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Zonisamide add‐on for drug‐resistant partial epilepsy

Zonisamide in combination with another antiepileptic drug can reduce seizures, but with some adverse effects.

Cochrane Database of Systematic Reviews: Plain Language Summaries [Internet] - John Wiley & Sons, Ltd.

Version: 2014

Zonisamide for neuropathic pain in adults

Neuropathic pain can arise from damage to nerves and injury to the central nervous system. It is different from pain messages carried along healthy nerves from damaged tissue (a fall, or cut, or arthritic knee). Neuropathic pain is treated by different medicines than those used for pain from damaged tissue. Medicines like paracetamol or ibuprofen are not usually effective in neuropathic pain, while medicines that are sometimes used to treat depression or epilepsy can be very effective in some people with neuropathic pain.

Cochrane Database of Systematic Reviews: Plain Language Summaries [Internet] - John Wiley & Sons, Ltd.

Version: 2016

Antiepileptics other than gabapentin, pregabalin, topiramate, and valproate for preventing migraine attacks in adults

Various medicines, collectively termed 'antiepileptics', are used to treat epilepsy. For several years, three antiepileptics have also been recommended as drugs of first choice (topiramate and valproate) or third choice (gabapentin) for preventing migraine attacks. These three drugs, along with one other (pregabalin), are the subject of separate Cochrane reviews. For the present review, researchers in The Cochrane Collaboration reviewed the evidence about the effect of other antiepileptics in adult patients (≥ 16 years of age) with 'episodic' migraine (headache on < 15 days per month). They examined research published up to 15 January 2013 and found 10 studies of nine different antiepileptics. The majority of these drugs were no better than placebo for migraine prophylaxis (acetazolamide, carisbamate, clonazepam, lamotrigine, oxcarbazepine, and vigabatrin). In one study each, carbamazepine and levetiracetam were better than placebo, and there was no significant difference between zonisamide and topiramate (a drug proven to be effective for migraine prophylaxis). None of these studies was of high methodological quality. The quantity and quality of the evidence were such that no firm conclusions could be drawn about the effect or lack of effect of any of the antiepileptics studied.

Cochrane Database of Systematic Reviews: Plain Language Summaries [Internet] - John Wiley & Sons, Ltd.

Version: 2016

Comparing Fibromyalgia Drugs

How do drugs for fibromyalgia compare in improving symptoms?

PubMed Clinical Q&A [Internet] - National Center for Biotechnology Information (US).

Version: June 12, 2011

Treatment for epilepsy in pregnant women and the physical health of the child

For most women who have epilepsy, continuing their medication during pregnancy is important for their health. Over the last 25 years, research has shown that children exposed to these medications in the womb can be at a higher risk of having a malformation or birth defect.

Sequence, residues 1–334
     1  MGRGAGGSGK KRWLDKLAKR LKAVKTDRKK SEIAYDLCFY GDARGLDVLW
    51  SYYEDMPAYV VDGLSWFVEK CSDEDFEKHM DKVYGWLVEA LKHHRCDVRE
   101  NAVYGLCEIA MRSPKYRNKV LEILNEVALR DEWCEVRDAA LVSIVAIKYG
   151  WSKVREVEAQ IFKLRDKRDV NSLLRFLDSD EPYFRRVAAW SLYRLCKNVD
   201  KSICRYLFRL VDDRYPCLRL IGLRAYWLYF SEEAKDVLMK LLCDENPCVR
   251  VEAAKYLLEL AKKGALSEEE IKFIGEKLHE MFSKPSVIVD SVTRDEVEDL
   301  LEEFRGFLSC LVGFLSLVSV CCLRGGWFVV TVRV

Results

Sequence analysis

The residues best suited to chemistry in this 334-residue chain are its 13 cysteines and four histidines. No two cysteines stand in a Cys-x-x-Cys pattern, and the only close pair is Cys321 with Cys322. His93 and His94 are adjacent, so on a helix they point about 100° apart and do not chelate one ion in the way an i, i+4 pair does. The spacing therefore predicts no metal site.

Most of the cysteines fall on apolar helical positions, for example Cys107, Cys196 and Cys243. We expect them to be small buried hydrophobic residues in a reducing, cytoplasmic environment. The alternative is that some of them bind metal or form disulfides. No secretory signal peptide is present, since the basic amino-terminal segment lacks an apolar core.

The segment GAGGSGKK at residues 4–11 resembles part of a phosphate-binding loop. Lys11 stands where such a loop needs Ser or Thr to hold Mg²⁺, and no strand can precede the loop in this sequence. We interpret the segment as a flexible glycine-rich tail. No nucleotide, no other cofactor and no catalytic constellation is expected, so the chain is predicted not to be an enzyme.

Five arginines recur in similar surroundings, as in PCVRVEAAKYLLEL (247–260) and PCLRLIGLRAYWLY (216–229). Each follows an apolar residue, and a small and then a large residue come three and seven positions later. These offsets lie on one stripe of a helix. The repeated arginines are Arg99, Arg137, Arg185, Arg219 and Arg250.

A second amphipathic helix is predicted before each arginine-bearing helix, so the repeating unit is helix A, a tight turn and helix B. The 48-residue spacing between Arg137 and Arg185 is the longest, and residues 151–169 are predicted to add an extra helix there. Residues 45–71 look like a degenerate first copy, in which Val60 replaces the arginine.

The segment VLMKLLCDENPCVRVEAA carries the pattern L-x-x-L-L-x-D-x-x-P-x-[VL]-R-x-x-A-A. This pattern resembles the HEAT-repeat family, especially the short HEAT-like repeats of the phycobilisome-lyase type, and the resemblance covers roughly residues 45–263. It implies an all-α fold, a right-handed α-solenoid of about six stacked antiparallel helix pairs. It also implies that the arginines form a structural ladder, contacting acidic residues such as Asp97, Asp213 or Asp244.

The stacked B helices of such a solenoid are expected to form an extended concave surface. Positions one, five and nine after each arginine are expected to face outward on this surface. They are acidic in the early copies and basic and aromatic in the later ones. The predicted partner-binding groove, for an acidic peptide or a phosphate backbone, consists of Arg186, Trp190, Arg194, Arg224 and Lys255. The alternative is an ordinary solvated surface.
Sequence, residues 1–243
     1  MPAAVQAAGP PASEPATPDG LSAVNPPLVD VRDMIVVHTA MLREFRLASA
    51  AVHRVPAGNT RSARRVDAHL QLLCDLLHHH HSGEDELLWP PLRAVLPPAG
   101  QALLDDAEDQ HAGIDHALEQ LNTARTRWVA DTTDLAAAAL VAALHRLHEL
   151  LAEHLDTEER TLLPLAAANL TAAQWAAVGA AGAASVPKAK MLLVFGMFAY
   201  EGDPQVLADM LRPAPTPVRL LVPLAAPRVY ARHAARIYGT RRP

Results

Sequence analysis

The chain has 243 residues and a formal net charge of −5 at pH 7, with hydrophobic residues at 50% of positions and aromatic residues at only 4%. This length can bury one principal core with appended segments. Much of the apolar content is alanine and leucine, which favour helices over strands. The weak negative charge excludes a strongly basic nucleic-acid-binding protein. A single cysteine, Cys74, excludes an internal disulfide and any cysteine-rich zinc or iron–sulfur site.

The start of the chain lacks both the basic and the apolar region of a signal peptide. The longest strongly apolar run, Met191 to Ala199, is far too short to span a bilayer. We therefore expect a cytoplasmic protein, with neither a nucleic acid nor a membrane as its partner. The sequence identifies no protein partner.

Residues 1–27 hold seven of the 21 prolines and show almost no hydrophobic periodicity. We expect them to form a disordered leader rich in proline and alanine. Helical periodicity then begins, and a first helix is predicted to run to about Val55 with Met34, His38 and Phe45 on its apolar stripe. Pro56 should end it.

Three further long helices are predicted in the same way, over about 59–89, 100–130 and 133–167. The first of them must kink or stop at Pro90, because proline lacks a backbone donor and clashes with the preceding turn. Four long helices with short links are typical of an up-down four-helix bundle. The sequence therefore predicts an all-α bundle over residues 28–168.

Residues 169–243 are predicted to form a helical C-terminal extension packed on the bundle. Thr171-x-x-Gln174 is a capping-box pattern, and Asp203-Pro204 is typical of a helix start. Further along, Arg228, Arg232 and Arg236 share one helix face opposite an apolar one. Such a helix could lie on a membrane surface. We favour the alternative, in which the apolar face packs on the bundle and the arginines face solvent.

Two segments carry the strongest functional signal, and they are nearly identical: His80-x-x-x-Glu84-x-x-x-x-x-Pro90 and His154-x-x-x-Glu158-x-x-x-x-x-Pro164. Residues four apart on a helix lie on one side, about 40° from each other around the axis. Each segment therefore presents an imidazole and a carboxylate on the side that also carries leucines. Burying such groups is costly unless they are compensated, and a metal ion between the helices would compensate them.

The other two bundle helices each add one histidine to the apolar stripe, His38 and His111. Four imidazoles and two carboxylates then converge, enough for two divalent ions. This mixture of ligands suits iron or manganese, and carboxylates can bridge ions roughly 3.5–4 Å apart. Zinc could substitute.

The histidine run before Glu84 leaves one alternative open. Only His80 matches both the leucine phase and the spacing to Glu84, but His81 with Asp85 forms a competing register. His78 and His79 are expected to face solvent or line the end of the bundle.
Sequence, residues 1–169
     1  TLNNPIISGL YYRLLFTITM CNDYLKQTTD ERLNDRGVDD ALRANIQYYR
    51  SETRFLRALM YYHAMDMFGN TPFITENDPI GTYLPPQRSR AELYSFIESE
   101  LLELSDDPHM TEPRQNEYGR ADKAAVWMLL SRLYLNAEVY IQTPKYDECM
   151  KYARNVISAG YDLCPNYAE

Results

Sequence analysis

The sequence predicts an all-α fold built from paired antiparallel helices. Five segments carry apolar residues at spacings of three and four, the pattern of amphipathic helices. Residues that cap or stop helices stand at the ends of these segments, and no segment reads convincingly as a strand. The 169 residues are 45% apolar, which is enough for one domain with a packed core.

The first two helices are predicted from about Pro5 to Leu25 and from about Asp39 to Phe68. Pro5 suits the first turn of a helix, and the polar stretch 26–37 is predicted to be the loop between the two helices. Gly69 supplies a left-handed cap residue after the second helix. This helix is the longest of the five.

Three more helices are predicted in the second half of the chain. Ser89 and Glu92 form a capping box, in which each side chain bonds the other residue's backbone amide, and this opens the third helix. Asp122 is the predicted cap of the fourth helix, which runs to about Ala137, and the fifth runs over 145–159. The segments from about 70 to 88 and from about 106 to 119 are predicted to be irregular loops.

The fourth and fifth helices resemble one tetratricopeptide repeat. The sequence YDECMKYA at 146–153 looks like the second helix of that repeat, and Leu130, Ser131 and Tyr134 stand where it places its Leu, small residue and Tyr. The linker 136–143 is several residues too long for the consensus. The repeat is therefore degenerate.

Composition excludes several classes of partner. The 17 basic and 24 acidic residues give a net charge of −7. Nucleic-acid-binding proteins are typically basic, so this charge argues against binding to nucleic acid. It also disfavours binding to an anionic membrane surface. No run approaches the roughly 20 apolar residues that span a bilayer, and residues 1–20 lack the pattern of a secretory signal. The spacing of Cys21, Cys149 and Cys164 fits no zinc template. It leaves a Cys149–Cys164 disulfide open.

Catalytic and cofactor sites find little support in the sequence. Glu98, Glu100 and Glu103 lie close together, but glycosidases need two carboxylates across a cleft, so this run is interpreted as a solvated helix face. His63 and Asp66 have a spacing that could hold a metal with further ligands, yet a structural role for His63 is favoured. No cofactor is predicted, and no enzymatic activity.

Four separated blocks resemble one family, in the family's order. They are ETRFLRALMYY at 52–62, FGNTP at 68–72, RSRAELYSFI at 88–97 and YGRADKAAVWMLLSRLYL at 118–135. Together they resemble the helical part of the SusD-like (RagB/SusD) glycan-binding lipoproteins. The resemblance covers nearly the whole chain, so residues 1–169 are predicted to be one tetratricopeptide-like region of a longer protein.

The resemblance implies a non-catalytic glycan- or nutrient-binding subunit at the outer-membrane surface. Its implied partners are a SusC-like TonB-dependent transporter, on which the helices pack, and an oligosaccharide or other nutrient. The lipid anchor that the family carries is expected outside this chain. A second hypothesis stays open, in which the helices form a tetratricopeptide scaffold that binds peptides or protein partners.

Cochrane Database of Systematic Reviews: Plain Language Summaries [Internet] - John Wiley & Sons, Ltd.

Version: 2017

The use of antiepileptic drugs to prevent seizures following brain surgery

Antiepileptic drugs (AEDs) have been used in trials to prevent seizures occurring after surgery in people with no previous history of epilepsy. A small number of trials have compared different AED treatments against each other, while others have compared AEDs to a placebo or no treatment group.

Cochrane Database of Systematic Reviews: Plain Language Summaries [Internet] - John Wiley & Sons, Ltd.

Version: 2015

Comparing Antiepileptics for Bipolar Disorder, Migraines, Fibromyalgia, and Chronic Pain

How do antiepileptics compare in treating bipolar disorder?

PubMed Clinical Q&A [Internet] - National Center for Biotechnology Information (US).

Version: October 1, 2010

Epilepsy in adults: Treatment with medication

Epilepsy medications can prevent seizures. But they do not work in everyone. It is sometimes possible for people to stop taking medication if they haven't had a seizure for several years.An epileptic seizure is caused by hyperactivity in the brain's nerve cells. Anti-epileptic drugs (AEDs) work by lowering this level of activity. Although AEDs do not cure the underlying causes of epilepsy, they can lower the risk of seizures.The medicine is available in the form of tablets, capsules or syrups. Some can also be injected into a vein, given intravenously through a drip (IV infusion), or inserted into the rectum in the form of a suppository. They can have some unpleasant side effects, but are usually well tolerated at low doses. That is why it is important for each individual person to consider whether to have treatment and, if so, what dose of which medication would be suitable.It is impossible to know beforehand whether a particular drug will help. Some people stop having seizures after taking the first medication they try. Other times it can take much longer to find the right treatment. In some cases the drugs do not help, or only help very little.

Informed Health Online [Internet] - Institute for Quality and Efficiency in Health Care (IQWiG).

Version: January 13, 2016

Anticonvulsants for alcohol dependence

This review looked at evidence on the efficacy and acceptability of anticonvulsants alone or in combination with another medication or a psychosocial intervention for the treatment of alcohol dependence.

Cochrane Database of Systematic Reviews: Plain Language Summaries [Internet] - John Wiley & Sons, Ltd.

Version: 2014

Systematic Reviews in PubMed

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